Time for another post in the On Location series of places which feature in my novel Nothing Happens for a Reason (though obviously I don’t tell you why!). Coney Island is synonymous with old-fashioned beach and amusement park culture and a cherished New York icon. It’s beyond this little piece to go into the fascinating history of Coney Island or the great controversy over its future, but if you’re interested I recommend this excellent article from The Village Voice: http://www.villagevoice.com/2010-05-25/news/coney-island-s-grand-past-and-grim-future/
The part of my book set in Brooklyn takes place in 1976, so going there now was never going to be enough. I’ve had incredible luck connecting with Brooklynites who remember it ‘back in the day’. One example: Big Apple Greeters is an association of volunteers who give up their time to show visitors around New York; they’re not professional tour guides, but locals who know the place inside out. Last April, my sons and I hit the jackpot when we were chosen by Clyde Turner and had a lot of fun exploring Coney Island and Bay Ridge with him. Having practised medicine for many years in the neighborhoods I was interested in, Clyde has proven to be a wonderful expert to have on my ‘home team’. Since the weather was awful that day and I haven’t seen Coney Island as it should be seen in high summer, I’m very grateful to another of my Brooklyn friends, Tony Catalano, for allowing me to use some of his photos here. Tony’s amazing record of Brooklyn through the decades (especially the 70s) has been a major inspiration to me and if you click on any of his pics here it’ll take you to his collections on flickr.com.
OK, first off, Coney Island isn’t an island, at least not any more. It’s at the southern end of Brooklyn and was originally the westernmost of the Long Island barrier islands until the channel was filled in permanently before WWII. Like so many place names in Brooklyn (originally Breuckelen) it derives from the Dutch settlers who dubbed it Conyne Eylandt after the many species of wild rabbits they found there. Apart from its proximity to Manhattan, the main reason Coney took off as a beach resort is that it faces due south and gets the sun all day long. It has an continuous sandy beach and boardwalk two and a half miles long, which you can see in the photo with my boys in it, and comprises four distinct neighborhoods, Seagate, Coney Island, Brighton Beach and Manhattan Beach.
In contrast to the tacky reputation it acquired over the years, in its earliest days as a resort, Coney Island cultivated an image of elegance and sophistication with the building of three luxury hotels in the 1830s. Transport developments meant that it became an increasingly easy destination to reach from Manhattan especially once the Brooklyn Bridge opened in 1903, and thus less exclusive. Things were never quite the same once the amusement parks took off, starting with the first carousel in 1876, although they were of course the main attraction for many of the visitors wanting to escape the city during the stifling heat of NY summers. The glory days of Coney Island were in the first half of the 20th century, and although it’s a shadow of its former self, a couple of those big draws are still there today. One of them is the Cylone wooden rollercoaster built in 1927, which like most things here has made it back from the brink more than once. I was relieved that when we were here the season had not yet started – I’m no adrenaline addict and there are some alarmingly wide chinks of daylight visible in the joins (it is of course totally safe, she says quickly.)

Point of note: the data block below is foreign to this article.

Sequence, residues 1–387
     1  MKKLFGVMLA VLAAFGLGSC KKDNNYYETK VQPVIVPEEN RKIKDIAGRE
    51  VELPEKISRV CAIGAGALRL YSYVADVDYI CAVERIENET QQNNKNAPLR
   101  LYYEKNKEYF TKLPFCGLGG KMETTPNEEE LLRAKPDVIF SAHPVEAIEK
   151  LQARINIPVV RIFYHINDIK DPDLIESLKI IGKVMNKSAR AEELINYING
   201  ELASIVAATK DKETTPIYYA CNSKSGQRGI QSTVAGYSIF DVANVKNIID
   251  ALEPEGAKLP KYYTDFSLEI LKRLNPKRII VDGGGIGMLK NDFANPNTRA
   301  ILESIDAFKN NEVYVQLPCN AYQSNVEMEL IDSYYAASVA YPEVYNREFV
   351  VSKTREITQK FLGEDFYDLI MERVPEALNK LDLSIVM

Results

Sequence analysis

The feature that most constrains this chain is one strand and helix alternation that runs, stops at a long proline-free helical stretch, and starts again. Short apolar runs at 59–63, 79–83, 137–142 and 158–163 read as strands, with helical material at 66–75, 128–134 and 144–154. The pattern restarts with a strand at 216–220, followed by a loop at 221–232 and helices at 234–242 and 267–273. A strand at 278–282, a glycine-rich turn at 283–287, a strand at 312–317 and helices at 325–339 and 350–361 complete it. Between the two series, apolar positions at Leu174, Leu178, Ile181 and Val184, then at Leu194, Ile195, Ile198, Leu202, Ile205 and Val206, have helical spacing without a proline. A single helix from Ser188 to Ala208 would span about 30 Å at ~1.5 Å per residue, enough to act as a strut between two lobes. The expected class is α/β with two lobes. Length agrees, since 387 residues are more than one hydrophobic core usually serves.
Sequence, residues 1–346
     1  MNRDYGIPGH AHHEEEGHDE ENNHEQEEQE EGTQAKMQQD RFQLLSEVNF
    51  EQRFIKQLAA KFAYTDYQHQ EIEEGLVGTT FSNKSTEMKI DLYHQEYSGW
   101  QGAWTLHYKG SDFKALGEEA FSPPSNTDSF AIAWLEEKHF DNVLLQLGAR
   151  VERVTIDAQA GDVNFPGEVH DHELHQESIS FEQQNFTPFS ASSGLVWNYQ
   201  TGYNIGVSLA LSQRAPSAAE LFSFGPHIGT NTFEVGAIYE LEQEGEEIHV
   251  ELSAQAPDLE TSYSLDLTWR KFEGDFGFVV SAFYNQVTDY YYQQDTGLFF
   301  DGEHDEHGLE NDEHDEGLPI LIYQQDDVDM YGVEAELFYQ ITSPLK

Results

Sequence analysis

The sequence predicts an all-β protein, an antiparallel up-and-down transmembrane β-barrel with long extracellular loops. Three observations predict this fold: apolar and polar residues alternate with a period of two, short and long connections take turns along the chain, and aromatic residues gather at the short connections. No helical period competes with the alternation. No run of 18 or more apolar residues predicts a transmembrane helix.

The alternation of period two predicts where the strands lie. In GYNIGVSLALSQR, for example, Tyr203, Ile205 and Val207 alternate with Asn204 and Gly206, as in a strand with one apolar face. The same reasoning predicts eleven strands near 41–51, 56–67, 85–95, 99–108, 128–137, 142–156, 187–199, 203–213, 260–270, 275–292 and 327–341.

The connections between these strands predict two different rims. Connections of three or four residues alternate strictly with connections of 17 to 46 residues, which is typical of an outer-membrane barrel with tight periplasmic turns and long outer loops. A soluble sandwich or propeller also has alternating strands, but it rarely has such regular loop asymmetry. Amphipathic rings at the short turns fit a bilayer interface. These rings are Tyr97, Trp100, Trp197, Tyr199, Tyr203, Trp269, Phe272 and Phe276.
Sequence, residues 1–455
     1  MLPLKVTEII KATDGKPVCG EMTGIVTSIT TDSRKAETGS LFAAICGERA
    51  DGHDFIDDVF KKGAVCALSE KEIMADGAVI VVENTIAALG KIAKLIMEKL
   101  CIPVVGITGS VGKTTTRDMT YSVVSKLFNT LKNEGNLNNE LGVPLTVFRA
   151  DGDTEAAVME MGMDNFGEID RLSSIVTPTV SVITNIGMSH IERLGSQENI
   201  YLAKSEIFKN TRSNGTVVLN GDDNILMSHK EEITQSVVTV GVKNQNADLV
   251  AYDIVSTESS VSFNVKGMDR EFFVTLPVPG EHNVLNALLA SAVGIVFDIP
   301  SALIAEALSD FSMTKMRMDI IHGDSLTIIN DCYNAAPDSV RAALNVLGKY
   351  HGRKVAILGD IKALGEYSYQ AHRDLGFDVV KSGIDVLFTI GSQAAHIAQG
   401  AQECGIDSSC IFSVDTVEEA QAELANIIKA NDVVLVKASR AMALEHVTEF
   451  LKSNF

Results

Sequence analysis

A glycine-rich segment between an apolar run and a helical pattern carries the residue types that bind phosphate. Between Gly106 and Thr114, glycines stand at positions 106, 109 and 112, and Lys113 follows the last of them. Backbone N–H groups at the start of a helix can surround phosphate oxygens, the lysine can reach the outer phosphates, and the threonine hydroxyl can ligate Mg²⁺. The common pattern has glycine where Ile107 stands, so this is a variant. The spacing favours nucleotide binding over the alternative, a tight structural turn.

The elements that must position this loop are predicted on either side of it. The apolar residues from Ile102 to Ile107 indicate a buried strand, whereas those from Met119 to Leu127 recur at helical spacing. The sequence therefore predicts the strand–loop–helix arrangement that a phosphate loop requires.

Another lasting local delight is Nathan’s Famous hotdogs, founded in 1916 by Polish immigrants Nathan and Ida Handwerker and a true ‘American Dream’ story, going from a small stand to what can justly be described as an institution. Eating hotdogs here was the high point of our day with Clyde (who gets to do it on a regular basis, lucky guy), even though in bad weather there is nowhere to sit. There’s a strongly-worded sign forbidding women from entering the men’s bathroom (wonder what that’s all about ?!) Nathan’s is heaving all year round and some say the area would be doomed without it, not that there seems to be any danger of that happening.
During my research I was really struck by how attached Brooklynites are to their neighborhoods and how nostalgic they are for a time when people were content with simple pleasures close to home. Both those who’ve moved away (and many who left as children in the 70s when it was pretty troubled didn’t return) and the ones who never left talk with great affection of family days out and bunking off high school at Coney Island. There’s no doubt that it faces a very uncertain future, but actually, Coney Island has always attracted controversy and in true Brooklyn style, its supporters aren’t giving up without a fight. I think it’s an important piece of NY heritage that tells a colourful story about how times have changed, and I hope it can hang onto some of what made it special. We would love to go back in the season and experience the Friday night fireworks or the annual Mermaid Festival which is hugely popular and to judge by Tony’s pictures, very entertaining. My younger son and I will be back in Brooklyn this year around Halloween and we can’t wait to see our friends again, discover new things and eat more of Nathan’s Franks.
Oh no, I’ve just had a thought. The rollercoaster will be still be open then. Looks like I just ran out of excuses….
Do you have a Coney Island tale of your own? Or have any of your favourite places (almost) disappeared?